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Mammal monitoring

Thursday, September 24, 2009
Catriona Rowntree's first visit to Victoria's Grampians was an environmental holiday with a heart.

Grampians is one of Victoria' largest national parks, and Catriona went off the beaten track with ranger Mike Stevens to lend a hand in the Conservation Volunteers Program.

The program enlists as many people as possible to aid in a research project that aims to understand just how many animals are there and to better manage areas. Fox baiting and fire management are two very important issues.

Volunteers receive a full briefing then head off with a ranger to check traps which were set the night before. Gender and weight are noted and the animals are tagged before being released.

All information is collected and used for an annual field report. As well as keeping an eye on existing wildlife, the program has rediscovered species thought to be extinct.

Catriona saw her first antikinus, a cute, small native marsupial with a little pouch and really long snout which is handy for eating insects. She also saw a little heath mouse which is a threatened species. For 30 years, it was thought they no longer existed, but the Grampians environment seems to be ideal for the mice to breed — wonderful news!

Keep your fingers crossed that you'll spot an endangered southern brown bandicoot — very rare — and the smoky mouse which is also endangered.

There are four- and seven-day programs running in autumn and spring. For anyone who doesn't mind getting their hands dirty, it's a most rewarding experience.

Grampians YHA Eco Hostel, Halls Gap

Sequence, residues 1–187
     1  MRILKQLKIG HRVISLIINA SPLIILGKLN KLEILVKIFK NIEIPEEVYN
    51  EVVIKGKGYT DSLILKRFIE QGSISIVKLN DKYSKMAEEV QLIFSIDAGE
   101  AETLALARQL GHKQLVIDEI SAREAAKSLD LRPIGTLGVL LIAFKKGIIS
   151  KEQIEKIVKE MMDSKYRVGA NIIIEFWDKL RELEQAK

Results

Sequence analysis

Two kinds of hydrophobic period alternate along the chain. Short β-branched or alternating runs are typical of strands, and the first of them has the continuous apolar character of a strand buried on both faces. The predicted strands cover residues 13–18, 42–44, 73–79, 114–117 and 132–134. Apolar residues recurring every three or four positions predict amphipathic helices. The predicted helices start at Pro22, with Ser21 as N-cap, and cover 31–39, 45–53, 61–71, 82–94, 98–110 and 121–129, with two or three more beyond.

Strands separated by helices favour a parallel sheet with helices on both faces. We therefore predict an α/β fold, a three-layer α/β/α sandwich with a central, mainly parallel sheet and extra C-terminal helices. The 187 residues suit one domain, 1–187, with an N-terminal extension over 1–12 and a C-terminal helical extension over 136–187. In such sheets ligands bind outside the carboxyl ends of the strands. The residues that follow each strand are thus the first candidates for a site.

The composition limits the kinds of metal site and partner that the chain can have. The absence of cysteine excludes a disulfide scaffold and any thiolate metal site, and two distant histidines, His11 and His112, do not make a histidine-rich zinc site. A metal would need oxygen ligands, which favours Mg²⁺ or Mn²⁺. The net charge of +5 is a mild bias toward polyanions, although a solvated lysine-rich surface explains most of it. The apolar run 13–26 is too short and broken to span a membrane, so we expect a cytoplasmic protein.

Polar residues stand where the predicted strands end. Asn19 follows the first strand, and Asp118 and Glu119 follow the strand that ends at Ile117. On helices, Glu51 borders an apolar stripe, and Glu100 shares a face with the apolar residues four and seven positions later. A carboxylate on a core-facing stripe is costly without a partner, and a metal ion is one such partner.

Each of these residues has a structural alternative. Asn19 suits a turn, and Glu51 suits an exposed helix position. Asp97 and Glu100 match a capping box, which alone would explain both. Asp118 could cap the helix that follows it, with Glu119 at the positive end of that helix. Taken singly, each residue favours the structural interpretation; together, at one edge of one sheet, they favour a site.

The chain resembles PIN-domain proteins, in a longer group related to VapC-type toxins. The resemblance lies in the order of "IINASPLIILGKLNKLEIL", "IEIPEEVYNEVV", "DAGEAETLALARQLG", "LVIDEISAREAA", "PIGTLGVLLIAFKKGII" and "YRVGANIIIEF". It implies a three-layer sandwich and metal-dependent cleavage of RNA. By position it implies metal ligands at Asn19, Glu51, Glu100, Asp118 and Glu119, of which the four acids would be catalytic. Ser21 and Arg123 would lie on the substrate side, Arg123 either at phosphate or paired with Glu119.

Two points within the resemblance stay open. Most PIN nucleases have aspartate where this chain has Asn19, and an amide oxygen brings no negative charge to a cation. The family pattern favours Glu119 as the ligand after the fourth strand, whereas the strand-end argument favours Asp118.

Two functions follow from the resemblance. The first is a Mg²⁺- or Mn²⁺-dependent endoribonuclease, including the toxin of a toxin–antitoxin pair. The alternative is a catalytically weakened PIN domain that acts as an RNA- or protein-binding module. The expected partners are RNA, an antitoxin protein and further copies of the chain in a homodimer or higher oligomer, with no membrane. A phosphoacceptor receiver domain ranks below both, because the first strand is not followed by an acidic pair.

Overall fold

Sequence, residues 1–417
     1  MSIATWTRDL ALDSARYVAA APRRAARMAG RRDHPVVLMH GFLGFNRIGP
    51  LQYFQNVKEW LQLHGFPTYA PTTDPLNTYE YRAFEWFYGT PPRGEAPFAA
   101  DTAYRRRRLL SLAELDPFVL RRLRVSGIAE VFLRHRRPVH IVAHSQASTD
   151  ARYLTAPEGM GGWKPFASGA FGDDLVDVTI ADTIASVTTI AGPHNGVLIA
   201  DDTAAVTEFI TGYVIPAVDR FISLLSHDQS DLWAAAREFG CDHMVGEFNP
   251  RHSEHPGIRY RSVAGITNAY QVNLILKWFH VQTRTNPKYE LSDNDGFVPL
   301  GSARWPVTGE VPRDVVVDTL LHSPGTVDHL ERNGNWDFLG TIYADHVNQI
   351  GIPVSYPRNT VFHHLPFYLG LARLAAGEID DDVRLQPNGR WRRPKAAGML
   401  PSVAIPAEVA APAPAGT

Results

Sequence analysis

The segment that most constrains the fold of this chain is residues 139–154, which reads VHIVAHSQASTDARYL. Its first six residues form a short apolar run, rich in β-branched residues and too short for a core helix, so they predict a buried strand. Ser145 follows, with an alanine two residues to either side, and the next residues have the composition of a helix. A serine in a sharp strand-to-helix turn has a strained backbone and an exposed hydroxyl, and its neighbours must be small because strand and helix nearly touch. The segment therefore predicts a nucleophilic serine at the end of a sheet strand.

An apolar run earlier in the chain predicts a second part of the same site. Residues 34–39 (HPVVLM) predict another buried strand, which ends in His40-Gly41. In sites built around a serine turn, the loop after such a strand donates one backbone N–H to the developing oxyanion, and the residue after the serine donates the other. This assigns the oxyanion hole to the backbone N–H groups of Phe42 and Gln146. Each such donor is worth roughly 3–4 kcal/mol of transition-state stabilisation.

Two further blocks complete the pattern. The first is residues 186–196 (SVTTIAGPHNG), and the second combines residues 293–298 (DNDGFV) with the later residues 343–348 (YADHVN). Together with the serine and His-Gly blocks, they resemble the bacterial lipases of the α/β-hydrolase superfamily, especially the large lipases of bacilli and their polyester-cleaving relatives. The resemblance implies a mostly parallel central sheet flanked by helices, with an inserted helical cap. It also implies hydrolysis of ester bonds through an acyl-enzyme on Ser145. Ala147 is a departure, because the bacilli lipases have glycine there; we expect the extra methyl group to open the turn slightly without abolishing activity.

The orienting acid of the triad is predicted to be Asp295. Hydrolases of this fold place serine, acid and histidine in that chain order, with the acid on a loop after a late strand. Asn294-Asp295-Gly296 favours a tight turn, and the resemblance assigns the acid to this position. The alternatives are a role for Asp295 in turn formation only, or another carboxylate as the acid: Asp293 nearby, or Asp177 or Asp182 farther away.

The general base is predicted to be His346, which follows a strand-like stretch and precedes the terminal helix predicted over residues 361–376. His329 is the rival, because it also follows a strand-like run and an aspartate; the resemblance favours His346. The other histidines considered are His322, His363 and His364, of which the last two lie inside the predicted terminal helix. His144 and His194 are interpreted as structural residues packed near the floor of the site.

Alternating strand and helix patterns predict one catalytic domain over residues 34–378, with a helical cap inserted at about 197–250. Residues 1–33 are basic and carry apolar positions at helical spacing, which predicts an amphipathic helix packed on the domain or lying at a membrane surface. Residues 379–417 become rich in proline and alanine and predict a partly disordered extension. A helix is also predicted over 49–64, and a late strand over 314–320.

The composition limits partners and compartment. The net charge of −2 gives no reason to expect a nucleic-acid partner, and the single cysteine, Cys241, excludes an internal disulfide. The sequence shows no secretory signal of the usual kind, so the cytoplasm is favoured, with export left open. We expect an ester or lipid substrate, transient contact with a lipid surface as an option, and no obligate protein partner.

After a busy morning, you head back for lunch at your accommodation and the rest of the day is yours to explore the beautiful surrounding area.

The stylish and comfortable hostel is in the heart of the Grampians National Park. It's run on solar power and uses green initiatives.

The proprietors collect rainwater and recycle greywater and waste to reduce environmental impact. The hostel kitchen has breadmakers and rice cookers and they use organically grown herbs and freshly laid free-range eggs. Fruit and vegetables are provided, subject to season and availability.

The park is full of hiking trails and you can rockclimb and abseil for some excitement.


The Grampians, three hours from Melbourne.


Conservation Volunteers Australia's four- to seven-day Mammal Monitoring programs include all meals, accommodation, transfers, activities and guide. They start at $560 per person.

Virgin Blue has flights to Melbourne.

One-way fares from:

  • Adelaide $75
  • Sydney $89
  • Brisbane $139
  • Darwin $169
  • Perth $215

There are limited seats which may not be available at peak times or on all flights. Fares quoted are one-way booked on the Internet. An extra $15 will be charged for phone bookings. A credit card surcharge of an additional $2 per person per one-way flight is applicable. Fares are subject to change.

Prices correct at September 24, 2009.

For further information

Virgin Blue
Ph: 136 789

Conservation Volunteers Australia
Mammal Monitoring program
Grampians National Park
Ph: 1800 032 501
Ph: (03) 9326 8250

Grampians YHA Eco Hostel
Buckler & Grampians Road
Halls Gap 3381
Ph: (03) 5356 4544
Fax: (03) 5356 4543

User comments
antikinus is spelt antechinus

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